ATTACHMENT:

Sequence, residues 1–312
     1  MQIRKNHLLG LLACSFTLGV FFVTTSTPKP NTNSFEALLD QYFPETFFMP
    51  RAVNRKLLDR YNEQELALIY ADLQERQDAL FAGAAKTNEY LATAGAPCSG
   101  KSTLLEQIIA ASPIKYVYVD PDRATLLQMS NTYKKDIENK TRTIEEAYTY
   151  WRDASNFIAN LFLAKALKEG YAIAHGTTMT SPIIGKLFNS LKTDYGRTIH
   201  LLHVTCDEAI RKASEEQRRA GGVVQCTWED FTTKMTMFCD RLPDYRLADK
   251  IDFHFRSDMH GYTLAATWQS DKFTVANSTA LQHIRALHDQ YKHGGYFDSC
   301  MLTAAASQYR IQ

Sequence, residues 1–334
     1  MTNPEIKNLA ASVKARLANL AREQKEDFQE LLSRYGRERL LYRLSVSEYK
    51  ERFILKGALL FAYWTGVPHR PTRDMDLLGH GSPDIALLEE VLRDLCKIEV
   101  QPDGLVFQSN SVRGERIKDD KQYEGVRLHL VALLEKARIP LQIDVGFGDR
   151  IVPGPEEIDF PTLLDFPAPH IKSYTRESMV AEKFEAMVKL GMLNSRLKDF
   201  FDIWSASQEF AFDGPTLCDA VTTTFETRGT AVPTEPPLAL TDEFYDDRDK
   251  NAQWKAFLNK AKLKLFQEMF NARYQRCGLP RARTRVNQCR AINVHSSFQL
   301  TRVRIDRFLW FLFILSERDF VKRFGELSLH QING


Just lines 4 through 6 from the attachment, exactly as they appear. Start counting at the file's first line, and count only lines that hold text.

   101  KSTLLEQIIA ASPIKYVYVD PDRATLLQMS NTYKKDIENK TRTIEEAYTY
   151  WRDASNFIAN LFLAKALKEG YAIAHGTTMT SPIIGKLFNS LKTDYGRTIH
   201  LLHVTCDEAI RKASEEQRRA GGVVQCTWED FTTKMTMFCD RLPDYRLADK